Leftridge v. Heyward, 012021 MDSCA, 0251-2020

Docket Nº0251-2020
Opinion JudgeZic, J.
Party NameVERNON J. LEFTRIDGE, JR., v. NIAMBI KAFI HEYWARD
Judge PanelFriedman, Wells, Zic, JJ.
Case DateJanuary 20, 2021
CourtCourt of Special Appeals of Maryland

VERNON J. LEFTRIDGE, JR.,

v.

NIAMBI KAFI HEYWARD

No. 0251-2020

Court of Special Appeals of Maryland

January 20, 2021

Circuit Court for Washington County Case No. C-21-FM-19-000748

Friedman, Wells, Zic, JJ.

OPINION [*]

Zic, J.

Vernon Leftridge, Jr., appellant, filed a complaint for custody against Niambi Kafi Heyward in the Circuit Court for Washington County, seeking custody of the parties' minor child ("Child"). After Ms. Heyward failed to file a response, the court entered a default order against her and scheduled a hearing before a magistrate. Following that hearing, at which Ms. Heyward was present and gave testimony contesting Mr. Leftridge's request for custody, the magistrate recommended that the default order be vacated and the case be assigned to a judge as a contested case. Mr. Leftridge then filed exceptions, which the court denied. Around the same time, Ms. Heyward filed a motion to transfer the case to the Circuit Court for Montgomery County. The court granted Ms. Heyward's motion, ordering the case transferred to Montgomery County, and vacated the default order against Ms. Heyward. Mr. Leftridge timely noted an appeal.1

Mr. Leftridge presents 137 questions for our review, the vast majority of which are, for reasons discussed in greater detail below, not properly before this Court. As to the remaining questions, we rephrased and consolidated them into a single question: Did the circuit court err in transferring Mr. Leftridge's case to Montgomery County?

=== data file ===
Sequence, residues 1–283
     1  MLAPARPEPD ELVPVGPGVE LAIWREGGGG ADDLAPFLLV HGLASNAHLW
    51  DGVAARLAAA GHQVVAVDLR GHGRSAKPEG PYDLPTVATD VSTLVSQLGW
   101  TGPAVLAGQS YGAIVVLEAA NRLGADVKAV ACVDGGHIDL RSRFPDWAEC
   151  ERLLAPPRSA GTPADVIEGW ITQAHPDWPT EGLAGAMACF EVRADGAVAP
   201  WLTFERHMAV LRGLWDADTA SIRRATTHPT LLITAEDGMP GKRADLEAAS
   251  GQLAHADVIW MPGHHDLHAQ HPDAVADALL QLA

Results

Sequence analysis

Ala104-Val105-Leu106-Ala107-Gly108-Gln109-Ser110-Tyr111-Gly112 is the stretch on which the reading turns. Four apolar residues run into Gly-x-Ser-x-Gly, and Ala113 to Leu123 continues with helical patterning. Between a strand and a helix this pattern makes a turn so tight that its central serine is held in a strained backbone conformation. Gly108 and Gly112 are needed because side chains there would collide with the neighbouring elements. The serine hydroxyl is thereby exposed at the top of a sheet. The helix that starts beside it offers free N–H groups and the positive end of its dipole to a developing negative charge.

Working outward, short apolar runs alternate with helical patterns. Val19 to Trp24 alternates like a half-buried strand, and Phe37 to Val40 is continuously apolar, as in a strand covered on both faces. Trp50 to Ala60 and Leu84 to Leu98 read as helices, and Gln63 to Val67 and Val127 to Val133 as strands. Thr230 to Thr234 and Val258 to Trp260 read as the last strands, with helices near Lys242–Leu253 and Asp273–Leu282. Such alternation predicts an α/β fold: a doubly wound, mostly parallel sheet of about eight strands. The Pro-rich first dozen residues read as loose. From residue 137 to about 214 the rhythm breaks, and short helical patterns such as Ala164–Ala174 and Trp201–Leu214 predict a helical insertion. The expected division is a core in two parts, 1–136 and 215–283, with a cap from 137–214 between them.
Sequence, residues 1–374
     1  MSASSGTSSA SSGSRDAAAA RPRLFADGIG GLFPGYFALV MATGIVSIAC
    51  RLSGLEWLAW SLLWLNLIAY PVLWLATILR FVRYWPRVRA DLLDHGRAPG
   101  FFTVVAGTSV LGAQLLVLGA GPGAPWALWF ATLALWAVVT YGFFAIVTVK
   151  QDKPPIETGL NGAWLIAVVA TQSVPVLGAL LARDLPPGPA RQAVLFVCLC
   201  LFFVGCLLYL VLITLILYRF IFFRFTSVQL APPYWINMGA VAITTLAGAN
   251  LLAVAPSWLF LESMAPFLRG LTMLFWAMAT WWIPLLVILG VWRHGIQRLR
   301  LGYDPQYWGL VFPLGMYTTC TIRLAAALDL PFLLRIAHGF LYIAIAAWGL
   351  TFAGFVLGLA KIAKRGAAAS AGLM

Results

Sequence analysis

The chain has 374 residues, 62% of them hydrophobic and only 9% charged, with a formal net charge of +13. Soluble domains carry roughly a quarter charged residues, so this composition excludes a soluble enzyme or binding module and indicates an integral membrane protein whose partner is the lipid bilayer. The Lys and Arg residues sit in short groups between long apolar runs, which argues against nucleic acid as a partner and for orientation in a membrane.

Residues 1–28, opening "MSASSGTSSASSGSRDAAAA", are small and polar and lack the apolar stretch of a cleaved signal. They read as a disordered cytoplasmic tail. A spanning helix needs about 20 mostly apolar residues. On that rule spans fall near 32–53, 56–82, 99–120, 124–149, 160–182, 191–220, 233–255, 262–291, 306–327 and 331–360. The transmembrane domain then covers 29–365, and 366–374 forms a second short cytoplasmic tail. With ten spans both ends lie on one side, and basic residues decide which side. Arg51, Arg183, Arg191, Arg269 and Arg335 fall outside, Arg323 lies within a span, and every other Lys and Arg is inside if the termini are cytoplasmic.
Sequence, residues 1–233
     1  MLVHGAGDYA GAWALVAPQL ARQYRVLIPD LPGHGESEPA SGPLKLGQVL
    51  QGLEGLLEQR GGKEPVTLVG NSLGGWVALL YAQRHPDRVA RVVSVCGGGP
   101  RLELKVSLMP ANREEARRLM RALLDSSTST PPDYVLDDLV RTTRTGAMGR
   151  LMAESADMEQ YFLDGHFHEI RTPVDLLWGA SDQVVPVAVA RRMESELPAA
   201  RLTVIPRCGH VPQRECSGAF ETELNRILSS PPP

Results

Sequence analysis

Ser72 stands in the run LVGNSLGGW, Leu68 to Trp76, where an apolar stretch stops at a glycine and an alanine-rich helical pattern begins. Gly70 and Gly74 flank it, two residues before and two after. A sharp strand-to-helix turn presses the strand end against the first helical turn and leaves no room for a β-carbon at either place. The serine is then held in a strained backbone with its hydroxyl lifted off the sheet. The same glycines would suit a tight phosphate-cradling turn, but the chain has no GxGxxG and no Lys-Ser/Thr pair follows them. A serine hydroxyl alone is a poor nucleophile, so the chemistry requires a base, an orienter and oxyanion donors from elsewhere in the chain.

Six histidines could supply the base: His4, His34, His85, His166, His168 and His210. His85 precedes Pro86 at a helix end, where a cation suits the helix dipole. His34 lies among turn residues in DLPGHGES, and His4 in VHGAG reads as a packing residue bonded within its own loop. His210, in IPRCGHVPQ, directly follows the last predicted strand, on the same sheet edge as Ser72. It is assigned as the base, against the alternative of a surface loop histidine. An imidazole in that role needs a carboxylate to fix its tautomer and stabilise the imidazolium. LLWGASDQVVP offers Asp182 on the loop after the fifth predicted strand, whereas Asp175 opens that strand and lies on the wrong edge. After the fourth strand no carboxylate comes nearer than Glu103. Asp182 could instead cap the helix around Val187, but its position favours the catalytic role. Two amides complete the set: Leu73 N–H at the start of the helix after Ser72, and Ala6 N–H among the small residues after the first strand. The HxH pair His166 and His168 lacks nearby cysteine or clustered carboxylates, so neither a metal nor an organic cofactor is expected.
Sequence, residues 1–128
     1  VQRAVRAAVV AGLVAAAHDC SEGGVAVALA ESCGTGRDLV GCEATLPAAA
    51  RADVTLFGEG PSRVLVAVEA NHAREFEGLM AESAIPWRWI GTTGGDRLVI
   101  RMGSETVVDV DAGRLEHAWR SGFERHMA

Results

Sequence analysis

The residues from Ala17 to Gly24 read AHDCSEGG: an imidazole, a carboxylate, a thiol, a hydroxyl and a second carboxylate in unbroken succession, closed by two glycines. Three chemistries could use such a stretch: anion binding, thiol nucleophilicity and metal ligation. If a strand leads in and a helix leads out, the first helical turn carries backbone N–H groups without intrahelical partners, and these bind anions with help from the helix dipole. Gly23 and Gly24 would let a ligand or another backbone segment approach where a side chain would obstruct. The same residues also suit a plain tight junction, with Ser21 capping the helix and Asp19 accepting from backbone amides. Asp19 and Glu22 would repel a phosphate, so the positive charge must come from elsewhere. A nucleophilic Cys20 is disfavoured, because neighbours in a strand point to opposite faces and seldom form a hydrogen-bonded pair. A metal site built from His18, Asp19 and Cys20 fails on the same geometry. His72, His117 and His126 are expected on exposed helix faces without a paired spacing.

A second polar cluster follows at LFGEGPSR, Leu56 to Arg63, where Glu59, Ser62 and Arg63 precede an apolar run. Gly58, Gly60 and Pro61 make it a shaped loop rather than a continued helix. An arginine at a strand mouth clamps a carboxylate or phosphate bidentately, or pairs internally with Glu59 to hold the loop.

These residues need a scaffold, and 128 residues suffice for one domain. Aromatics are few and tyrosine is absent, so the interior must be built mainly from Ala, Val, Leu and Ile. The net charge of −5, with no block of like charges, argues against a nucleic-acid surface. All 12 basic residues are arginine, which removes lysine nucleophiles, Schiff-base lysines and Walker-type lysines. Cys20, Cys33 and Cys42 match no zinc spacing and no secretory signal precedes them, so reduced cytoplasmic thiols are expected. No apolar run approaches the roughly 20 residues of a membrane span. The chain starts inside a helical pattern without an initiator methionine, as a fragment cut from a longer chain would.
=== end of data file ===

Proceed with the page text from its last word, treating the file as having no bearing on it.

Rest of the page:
For reasons to follow, we answer the question in the negative and affirm the judgment of the circuit court.

BACKGROUND

The Child was born in 2015 to Mr. Leftridge and Ms. Heyward, who were not married. In 2016, Ms. Heyward and the Child moved from Connecticut to Montgomery County, Maryland where they remained. Around that same time, Mr. Leftridge also moved from Connecticut to Massachusetts, where he remained until 2019, at which point he moved to Washington County, Maryland.

On May 5, 2019, Mr. Leftridge filed a custody complaint against Ms. Heyward in in the Circuit Court for Washington County, requesting sole physical and legal custody of the Child. After Ms. Heyward failed to file a timely response, Mr. Leftridge asked the court to enter an order of default. On July 26, 2019, the court granted his request and entered a default order against Ms. Heyward. The court also ordered that a hearing be held before a magistrate for Mr. Leftridge to present testimony in support of his custody complaint.

At that hearing, which was held on February 18, 2020, Ms. Heyward appeared and presented testimony. She claimed that she did not receive Mr. Leftridge's complaint for custody and that she only became aware of the matter through a different child support case. As to the substance of the complaint, Ms. Heyward indicated that she would be contesting Mr. Leftridge's request for custody, explaining that the Child had lived with her in Montgomery County for the past four years and that, in that time, Mr. Leftridge had visited the Child only once. Mr. Leftridge responded by stating that Ms. Heyward denied him access to the Child.

The magistrate found that, because Ms. Heyward appeared and contested Mr. Leftridge's complaint for custody, the proper remedy was to vacate the order of default and schedule a contested custody hearing. The magistrate also directed Ms. Heyward to file an answer and counter complaint for custody, which she did on February 20, 2020. Subsequently, the magistrate issued a written report detailing these findings.

Mr. Leftridge filed timely exceptions to the magistrate's findings, which the circuit court denied on April 21, 2020.2 Around that time, Mr. Leftridge requested a pendente lite hearing and filed a notice for in banc review. On April 29, 2020, the court entered an order designating three judges to sit in banc.